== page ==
Presbyters Uniwersytet Warszawski
ER 708
Hippolytus, presbyter in Rome and former Novatianist encourages the Novatianist faithful to shun the schism and come back to the orthodox Church; later he is persecuted by the emperor, and martyred, the 3rd century. Account of Prudentius, Crowns of Martyrdom, Poem 11, ca 400.
Poem 11, v. 17-44
Haec dum lustro oculis et sicubi forte latentes
rerum apices ueterum per monumenta sequor,
inuenio hippolytum, qui quondam scisma nouati
presbyter attigerat nostra sequenda negans,
usque ad martyrii prouectum insigne tulisse
lucida sanguinei praemia supplicii.
Nec mirere senem peruersi dogmatis olim
munere ditatum catholicae fidei.
Cum iam uaesano uictor raperetur ab hoste
exultante anima carnis ad exitium
(plebis amore suae multis comitantibus ibat),
consultus quaenam secta foret melior,
respondit: "fugite, o miseri, execranda nouati
scismata, catholicis reddite uos populis!
vna fides uigeat, prisco quae condita templo est,
quam paulus retinet quamque cathedra petri.
Quae docui, docuisse piget; uenerabile martyr
cerno quod a cultu rebar abesse dei".
His ubi detorsit laeuo de tramite plebem
monstrauit que sequi qua uia dextra uocat,
se que ducem recti spretis anfractibus idem
praebuit erroris qui prius auctor erat,
sistitur insano rectori christicolas tunc
ostia uexanti per tiberina uiros.
Illo namque die roma secesserat, ipsos
peste suburbanos ut quateret populos,
non contentus humum celsae intra moenia romae
tinguere iustorum caedibus adsiduis.
(ed. M.P. Cunningham 1966: 370-71)
Poem 11, v. 17-44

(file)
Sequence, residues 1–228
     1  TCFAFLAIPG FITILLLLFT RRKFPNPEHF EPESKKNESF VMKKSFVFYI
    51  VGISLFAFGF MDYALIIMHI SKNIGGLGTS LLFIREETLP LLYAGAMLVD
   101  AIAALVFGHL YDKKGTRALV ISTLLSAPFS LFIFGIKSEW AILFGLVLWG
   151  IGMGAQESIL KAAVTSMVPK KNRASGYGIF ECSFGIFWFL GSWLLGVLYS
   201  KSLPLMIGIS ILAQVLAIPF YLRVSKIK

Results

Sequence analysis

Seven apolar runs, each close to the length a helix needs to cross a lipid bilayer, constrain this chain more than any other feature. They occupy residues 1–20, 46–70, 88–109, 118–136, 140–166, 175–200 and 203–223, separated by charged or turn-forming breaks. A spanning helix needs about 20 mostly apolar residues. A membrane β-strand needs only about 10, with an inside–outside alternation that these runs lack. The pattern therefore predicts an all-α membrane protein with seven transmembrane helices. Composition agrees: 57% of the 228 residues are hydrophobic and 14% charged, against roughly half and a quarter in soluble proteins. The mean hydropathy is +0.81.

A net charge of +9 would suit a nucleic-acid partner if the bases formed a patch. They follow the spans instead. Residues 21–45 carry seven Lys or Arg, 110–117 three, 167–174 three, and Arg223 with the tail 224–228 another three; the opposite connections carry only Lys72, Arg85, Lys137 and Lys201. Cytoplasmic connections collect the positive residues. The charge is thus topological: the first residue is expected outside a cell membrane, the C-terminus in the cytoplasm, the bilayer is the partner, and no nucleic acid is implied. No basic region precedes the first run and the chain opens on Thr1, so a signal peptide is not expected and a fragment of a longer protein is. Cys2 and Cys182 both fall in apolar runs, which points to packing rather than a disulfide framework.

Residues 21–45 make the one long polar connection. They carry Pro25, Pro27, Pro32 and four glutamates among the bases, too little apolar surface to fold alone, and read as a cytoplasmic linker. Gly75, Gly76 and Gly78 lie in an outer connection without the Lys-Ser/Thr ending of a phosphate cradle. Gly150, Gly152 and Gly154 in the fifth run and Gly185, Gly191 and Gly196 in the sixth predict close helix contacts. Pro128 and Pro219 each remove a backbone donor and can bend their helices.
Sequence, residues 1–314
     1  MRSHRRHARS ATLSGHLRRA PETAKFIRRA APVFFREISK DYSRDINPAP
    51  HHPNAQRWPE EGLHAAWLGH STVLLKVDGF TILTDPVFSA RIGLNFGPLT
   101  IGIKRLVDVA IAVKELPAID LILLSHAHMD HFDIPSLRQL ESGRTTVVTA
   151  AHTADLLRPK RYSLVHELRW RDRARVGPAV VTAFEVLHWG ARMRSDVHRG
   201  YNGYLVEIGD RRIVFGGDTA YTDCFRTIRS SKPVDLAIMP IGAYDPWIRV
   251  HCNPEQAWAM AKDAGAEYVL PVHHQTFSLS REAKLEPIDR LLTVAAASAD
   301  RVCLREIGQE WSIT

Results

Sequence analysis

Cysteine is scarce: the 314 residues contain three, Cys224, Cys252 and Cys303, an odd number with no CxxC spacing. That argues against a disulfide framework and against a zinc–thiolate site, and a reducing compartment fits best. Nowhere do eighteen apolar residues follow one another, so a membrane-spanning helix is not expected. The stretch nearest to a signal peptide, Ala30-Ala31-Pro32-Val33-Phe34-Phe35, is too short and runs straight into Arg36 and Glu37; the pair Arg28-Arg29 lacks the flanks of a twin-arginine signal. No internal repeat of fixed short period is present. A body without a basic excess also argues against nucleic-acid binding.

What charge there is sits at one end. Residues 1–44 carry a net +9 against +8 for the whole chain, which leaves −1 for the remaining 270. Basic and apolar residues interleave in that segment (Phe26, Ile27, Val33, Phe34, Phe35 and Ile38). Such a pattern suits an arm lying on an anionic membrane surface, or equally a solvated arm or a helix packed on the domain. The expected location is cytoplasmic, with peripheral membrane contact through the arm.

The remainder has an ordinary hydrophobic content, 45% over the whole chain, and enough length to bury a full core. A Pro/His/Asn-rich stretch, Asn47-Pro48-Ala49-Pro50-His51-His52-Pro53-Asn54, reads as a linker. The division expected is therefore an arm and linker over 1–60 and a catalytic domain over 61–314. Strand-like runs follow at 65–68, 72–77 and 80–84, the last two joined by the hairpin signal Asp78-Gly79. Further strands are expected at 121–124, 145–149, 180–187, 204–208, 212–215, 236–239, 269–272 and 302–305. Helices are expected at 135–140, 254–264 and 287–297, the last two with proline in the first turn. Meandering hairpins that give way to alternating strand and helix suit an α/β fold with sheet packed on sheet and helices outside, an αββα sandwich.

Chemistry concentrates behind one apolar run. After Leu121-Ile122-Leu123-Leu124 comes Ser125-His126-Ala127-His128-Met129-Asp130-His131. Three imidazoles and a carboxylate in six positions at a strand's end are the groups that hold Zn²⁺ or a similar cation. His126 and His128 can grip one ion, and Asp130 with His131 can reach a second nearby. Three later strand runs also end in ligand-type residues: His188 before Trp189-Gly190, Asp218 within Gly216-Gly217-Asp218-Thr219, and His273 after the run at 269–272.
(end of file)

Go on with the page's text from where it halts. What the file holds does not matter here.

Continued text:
In surveying these memorials and hunting over them for any letters telling of the deeds of old, that might escape the eye, I found that Hippolytus, who had at one time as a presbyter attached himself to the schism of Novatus, saying that our way was not to be followed, had been advanced to the crown of martyrdom and won the shining reward for suffering bloodshed. Nor is it surprising that an old man who had once been a follower of a vicious doctrine was enriched with a gift which belongs to the orthodox faith. When he won his triumph and with exulting spirit was being carried off by a furious enemy to suffer the death of the flesh, because of his people's love he was accompanied by many on the way; and being asked which teaching was the better he answered: "O my poor friends, shun the accursed schism of Novatus and return to the orthodox people. Let the faith be strong in its unity, the faith that was established in the early Church and which Paul and the chair of Peter hold fast. What I taught, I regret having taught; now that I am bearing witness I see that
what I thought foreign to the worship of God is worthy of reverence." With these words he turned the people away from the path on the left and bade them follow where the way on the right calls, presenting himself as their guide on the straight road and rejecting all windings, the very man who was formerly the cause of their going astray. Then he was brought before a maddened ruler who at that time was afflicting Christian heroes by Tiber's mouth; for that day he had left Rome to beat down with persecution the peoples of the near-by districts, not being content to wet the ground within the walls of lofty Rome with constant slaying of the righteous. [...]
(trans. H.J. Thomson 1953: 305, 307, 309)